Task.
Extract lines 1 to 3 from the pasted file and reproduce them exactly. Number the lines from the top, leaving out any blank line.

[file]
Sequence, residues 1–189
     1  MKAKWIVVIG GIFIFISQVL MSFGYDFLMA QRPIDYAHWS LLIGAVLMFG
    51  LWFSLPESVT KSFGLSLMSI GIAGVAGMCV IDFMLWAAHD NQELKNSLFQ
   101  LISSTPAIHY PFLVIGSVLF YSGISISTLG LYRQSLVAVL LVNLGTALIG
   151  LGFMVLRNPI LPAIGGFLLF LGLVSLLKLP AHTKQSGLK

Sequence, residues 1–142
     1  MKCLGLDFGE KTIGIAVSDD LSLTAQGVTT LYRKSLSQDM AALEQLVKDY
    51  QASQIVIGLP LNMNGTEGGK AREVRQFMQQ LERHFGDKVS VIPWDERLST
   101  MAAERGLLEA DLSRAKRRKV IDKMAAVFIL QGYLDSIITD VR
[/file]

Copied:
Sequence, residues 1–189
     1  MKAKWIVVIG GIFIFISQVL MSFGYDFLMA QRPIDYAHWS LLIGAVLMFG
    51  LWFSLPESVT KSFGLSLMSI GIAGVAGMCV IDFMLWAAHD NQELKNSLFQ